In June 2005 they start recording their first album entitled Labirinto d'Acqua and the album is released in 2006. The album was mixed and mastered by Udi Koomran (Avhak, Present, Thinking Plague). The record is instrumental, and while you can trace the chamber rock sound similar to Univers Zero and Art Zoyd, it has a fresh modern and rockier sound. Since there are several different backgrounds here in the lineup (Zago is symphonic oriented, Kerman and Leddi are RIO people and other players are classically trained) we get a mix of everything, and the result is compelling. You can hear some 5UU's, Thinking Plague and Ahvak similarities, dynamic chamber rock, chamber music, mellow and ponderous parts, some "symphonic prog" parts (there is a mellotron and minimoog), quickly changing rhythms and unusual time signatures, layers of instruments playing different tunes, some quirky tracks which are free-form and more abstract (played mostly by only the classical instruments) and you have the complete freak-out parts where the band goes insane. There is a myriad of styles here and you need many listens to be able to absorb all of it and identify the numerous influences and musical ideas. The sound is rich due to the expanded lineup and the production.
And now to the music itself:
Much like the cover art of this album the music here is a mixture of various genres, making this possibly more accessible to those who are not usual fans of the RIO/avant camp. Several tracks have them being what Univers Zero had sounded, had they taken a much lighter approach towards life/music. And in other tracks there is clear (to me at least) symphonic prog references (tracks 1 and 8 for instance) which is may be understandable when you consider Francesco Zago background and previous band (The Night Watch). This reminds me of Le Silo in the broad influences of past RIO/avant sounds that they have and also some non-R/a influences (but not at all the Le Silo sound).
As with some other reviews I've made, I won't go into song-by-song interpretation, but tell about the overall feeling and impressions I get from this record with some specific examples to illustrate better to what I refer and give a slightly clearer point of reference as to what this album is like.
There are several layers of music going on at the same time. Your job as the listener is harder here and you need to distinguish between them and make out what is going on and what does each part play (that is you don't need to, but then most of the pleasure of listening is unfulfilled). You have to decipher the code while listening and repeated listening are required for this one to sink in properly and be "decoded".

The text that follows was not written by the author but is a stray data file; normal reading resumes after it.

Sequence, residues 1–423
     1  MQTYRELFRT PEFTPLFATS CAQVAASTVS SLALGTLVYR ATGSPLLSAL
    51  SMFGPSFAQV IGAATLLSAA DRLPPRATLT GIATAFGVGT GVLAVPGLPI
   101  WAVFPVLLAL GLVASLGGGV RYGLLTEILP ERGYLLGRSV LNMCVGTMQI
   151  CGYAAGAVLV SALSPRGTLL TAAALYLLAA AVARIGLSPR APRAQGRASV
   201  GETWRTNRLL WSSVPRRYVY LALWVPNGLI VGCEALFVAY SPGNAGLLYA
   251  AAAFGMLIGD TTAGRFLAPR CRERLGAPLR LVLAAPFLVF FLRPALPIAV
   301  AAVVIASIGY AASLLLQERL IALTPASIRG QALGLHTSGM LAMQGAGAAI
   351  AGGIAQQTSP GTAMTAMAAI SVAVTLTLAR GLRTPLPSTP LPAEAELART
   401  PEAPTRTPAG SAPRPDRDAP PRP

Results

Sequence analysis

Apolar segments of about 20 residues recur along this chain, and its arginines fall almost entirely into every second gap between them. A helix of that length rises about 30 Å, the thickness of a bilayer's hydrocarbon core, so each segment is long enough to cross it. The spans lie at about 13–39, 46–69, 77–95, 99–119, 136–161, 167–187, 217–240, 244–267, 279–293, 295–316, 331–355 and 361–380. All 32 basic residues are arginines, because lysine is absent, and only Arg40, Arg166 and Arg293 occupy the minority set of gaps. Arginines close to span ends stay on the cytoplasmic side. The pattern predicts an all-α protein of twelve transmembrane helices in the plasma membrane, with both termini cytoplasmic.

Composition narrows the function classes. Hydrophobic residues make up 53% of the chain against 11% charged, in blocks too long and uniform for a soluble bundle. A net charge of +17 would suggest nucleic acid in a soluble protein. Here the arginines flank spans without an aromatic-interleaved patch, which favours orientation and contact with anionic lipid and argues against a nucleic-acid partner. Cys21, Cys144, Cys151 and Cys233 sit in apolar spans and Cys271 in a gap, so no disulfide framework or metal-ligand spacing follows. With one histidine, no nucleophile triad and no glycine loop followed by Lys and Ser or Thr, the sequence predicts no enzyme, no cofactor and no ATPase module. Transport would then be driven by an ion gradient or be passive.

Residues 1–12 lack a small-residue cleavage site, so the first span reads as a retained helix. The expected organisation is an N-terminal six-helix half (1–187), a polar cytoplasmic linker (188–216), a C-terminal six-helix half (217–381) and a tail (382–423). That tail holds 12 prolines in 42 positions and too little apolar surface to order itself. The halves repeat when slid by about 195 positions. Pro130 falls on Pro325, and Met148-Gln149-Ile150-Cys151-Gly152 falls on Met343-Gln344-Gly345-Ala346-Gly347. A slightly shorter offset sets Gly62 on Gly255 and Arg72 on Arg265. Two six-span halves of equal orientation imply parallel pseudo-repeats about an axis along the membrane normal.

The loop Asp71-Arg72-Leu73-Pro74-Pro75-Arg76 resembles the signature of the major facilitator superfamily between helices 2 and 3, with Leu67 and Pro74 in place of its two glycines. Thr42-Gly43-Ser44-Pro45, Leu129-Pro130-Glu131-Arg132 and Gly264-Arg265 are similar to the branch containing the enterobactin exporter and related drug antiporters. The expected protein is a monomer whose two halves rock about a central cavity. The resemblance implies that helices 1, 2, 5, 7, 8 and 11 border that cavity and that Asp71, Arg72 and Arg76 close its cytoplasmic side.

To continue this, for one to hear those various layers so well as to be able to discern each instrument, means that the production must of high quality and standard. And here the praises must go to Udi Koomran, who has worked before for example with Ahvak and Present among others.
The sound is very rich, as you would expect from such a vast lineup filled with rock and classic instruments playing together. The lineup is quite impressive. Among others are: Dave Kerman (track 4), Paolo Botta (various keyboards), Markus Stauss (saxes and bass), Tommaso Leddi (mandolin), Peter Schmid (various wind instruments) and there are the other classical instruments players (you can read in the bio I wrote who they all are).
The music heads in so many directions at once and with each passing second that it's easy to lose track of it. But should you keep close attention to it, the main theme and directionality of the composition become clear and admirable. There are moments that sound as if the musicians have been freed from a prison where they were not allowed to play and they now unleash their skills and express their joy of their new found freedom and set free all their wild musical notes that have been going on in their head. What's also fascinating to hear is the incorporation of several influences in a short period of time within one track. You can hear traces of Univers Zero, Thinking Plague, U Totem and then some non-RIO movements alongside or in a row, like in the second track, “Catacresi”.